John was scheduled to have another training session with the consultant, but again, John didn’t show up. Sofia knew that she had to replace him. She intended to thank John, tell him that he could collect unemployment and give him a great reference letter. But, she never had a chance: he quit — and before leaving, he copied Sofia’s recipe for the breakfast bar. Working out of a friend’s store a few miles away, John set up a new company making Sofia’s breakfast bars. John also sent Sofia a letter demanding unpaid wages.

Sofia went to see her friend, Lois Lawyer. The news was not good. Sofia had made big mistakes with John. Even though John initially had offered to work without pay, an employer never can allow an employee to work without pay. John was entitled to receive at least the Massachusetts minimum wage ($10 per hour) for all the time that he had worked without pay. He also was entitled to overtime pay ($15 per hour) for the time that he had worked in excess of 40 hours per week.

Even after Sofia had started paying him a salary of $500 per week, John’s pay was a problem. In order to be exempt from overtime, an employee’s job must fall within specific legal requirements, and John’s didn’t. John was working 50 hours per week. For 10 of those hours, he should have been paid $15 per hour, so now Sofia owed John $50 per week for every week that he had worked 50 hours.

Lois explained to Sofia that Massachusetts has a Wage Statute that allows an employee to receive triple damages plus attorneys’ fees if the employee must sue to recover unpaid wages. So, Lois urged Sofia to pay John all of these unpaid wages immediately. It was thousands of dollars.

Sofia also had not paid the employers’ contribution to Social Security and Medicare for John’s wages, and she did not pay unemployment taxes or workers’ compensation for him. These payments needed to be made immediately, in order not to violate tax or insurance laws.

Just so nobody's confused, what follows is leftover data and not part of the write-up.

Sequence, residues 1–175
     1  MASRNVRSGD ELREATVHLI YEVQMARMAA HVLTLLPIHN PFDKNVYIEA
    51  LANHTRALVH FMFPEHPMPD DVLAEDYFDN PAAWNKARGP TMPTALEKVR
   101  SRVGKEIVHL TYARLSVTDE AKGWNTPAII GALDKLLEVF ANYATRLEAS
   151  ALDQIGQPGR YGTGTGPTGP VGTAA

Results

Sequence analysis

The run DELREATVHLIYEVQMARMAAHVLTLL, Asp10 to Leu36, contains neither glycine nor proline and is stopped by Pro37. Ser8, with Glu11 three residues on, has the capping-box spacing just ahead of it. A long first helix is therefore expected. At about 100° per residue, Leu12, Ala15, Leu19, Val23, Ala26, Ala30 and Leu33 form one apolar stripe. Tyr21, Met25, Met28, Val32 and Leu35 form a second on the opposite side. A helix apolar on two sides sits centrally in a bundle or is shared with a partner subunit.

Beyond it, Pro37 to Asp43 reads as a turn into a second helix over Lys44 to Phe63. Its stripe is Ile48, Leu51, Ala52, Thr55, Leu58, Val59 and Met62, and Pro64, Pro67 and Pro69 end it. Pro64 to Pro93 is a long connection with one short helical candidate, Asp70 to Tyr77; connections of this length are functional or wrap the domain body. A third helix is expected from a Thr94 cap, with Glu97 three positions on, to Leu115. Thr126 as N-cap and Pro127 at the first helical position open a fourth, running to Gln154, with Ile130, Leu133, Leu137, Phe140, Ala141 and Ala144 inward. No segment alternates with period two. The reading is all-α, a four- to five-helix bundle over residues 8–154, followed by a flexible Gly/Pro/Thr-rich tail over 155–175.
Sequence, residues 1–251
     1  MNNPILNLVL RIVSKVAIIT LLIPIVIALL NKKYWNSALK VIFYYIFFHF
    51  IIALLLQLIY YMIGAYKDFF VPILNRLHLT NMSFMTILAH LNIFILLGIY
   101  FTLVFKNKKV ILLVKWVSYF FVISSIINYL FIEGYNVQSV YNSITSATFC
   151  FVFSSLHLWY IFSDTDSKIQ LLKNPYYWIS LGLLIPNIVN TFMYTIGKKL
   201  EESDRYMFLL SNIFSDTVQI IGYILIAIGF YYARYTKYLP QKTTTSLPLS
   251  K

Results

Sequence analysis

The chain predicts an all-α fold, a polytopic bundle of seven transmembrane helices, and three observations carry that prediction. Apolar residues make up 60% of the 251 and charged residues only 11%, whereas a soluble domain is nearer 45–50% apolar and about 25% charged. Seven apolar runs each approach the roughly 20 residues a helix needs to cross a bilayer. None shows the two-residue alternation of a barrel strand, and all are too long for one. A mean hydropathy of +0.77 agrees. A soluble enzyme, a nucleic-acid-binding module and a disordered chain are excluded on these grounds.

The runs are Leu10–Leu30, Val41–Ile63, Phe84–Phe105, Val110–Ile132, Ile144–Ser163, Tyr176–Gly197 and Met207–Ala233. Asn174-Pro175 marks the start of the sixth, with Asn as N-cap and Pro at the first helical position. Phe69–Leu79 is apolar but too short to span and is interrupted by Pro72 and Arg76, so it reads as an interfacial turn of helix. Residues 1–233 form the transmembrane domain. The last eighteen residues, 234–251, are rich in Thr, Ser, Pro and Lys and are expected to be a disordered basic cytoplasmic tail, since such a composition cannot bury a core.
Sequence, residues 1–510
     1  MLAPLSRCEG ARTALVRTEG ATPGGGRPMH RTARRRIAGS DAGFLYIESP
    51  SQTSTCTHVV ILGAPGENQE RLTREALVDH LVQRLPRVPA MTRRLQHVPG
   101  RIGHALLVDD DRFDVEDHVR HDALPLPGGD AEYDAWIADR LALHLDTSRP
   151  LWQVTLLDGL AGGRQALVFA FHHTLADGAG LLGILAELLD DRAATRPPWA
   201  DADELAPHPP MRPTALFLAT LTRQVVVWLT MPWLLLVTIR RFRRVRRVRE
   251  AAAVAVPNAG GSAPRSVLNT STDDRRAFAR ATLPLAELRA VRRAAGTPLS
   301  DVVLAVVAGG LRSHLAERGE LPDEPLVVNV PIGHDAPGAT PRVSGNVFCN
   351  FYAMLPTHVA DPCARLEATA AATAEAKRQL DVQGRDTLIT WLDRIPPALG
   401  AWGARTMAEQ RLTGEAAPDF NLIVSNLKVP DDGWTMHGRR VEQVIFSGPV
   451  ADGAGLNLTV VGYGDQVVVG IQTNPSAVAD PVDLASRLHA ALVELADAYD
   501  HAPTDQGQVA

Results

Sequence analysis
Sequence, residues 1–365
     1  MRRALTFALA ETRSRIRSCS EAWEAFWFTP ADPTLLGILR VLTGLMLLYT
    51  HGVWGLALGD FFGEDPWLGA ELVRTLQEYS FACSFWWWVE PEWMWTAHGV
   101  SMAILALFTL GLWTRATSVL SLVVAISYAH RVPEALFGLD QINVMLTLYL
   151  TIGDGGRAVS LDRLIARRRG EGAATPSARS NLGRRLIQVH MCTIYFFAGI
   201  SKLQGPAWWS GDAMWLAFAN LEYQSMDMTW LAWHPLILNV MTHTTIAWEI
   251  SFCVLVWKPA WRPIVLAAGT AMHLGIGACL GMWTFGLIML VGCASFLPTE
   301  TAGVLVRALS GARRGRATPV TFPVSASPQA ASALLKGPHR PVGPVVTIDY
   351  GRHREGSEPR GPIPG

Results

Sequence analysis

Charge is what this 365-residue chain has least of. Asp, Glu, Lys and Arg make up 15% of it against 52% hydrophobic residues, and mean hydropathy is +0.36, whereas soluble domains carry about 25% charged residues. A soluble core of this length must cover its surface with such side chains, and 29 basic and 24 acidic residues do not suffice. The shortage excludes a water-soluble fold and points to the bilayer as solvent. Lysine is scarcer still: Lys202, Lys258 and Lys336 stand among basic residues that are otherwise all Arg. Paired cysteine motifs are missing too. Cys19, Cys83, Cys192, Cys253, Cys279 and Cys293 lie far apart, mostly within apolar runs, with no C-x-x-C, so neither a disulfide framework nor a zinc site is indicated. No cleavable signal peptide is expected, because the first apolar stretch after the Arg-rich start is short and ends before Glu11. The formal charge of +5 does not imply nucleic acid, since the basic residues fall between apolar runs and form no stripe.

Finally, Sofia learned that the Massachusetts Personnel Records Law required her to notify John within 10 days after placing the verbal and written warnings in his personnel file. Sofia was liable for a fine from the attorney general of not less than $500 for each time she did not notify John about this. She hoped the attorney general would not find out about this.

Sofia complained bitterly to Lois about John’s stealing her recipe and opening up a competing business. Lois asked to see any noncompetition and confidentiality agreements that John had signed prohibiting this, but Sofia had none. Lois told Sofia that without this, it would be difficult to stop John from using her recipe to compete against Sofia, and in any event it would require costly and lengthy litigation.

What a mess! But, lesson learned. Sofia now understood that you should not start a business without being aware of and following basic employment laws. You may succeed beyond your wildest dreams — but those dreams can quickly turn into a nightmare.

Jan Glassman is the founder of Daily General Counsel™,, a Boston-based startup that provides very affordable legal services to small businesses and startups that otherwise could not afford a highly experienced business lawyer and would “go it alone.” DailyGC™ lawyers spend a full business day at their clients’ places of business, working directly with owners to resolve their most pressing sales, operations, employment and other legal/business problems. Prior to founding DailyGC™, Jan was General Counsel for a national management consulting firm that served small businesses throughout the United States. Follow Jan Glassman on Twitter @DailyGC.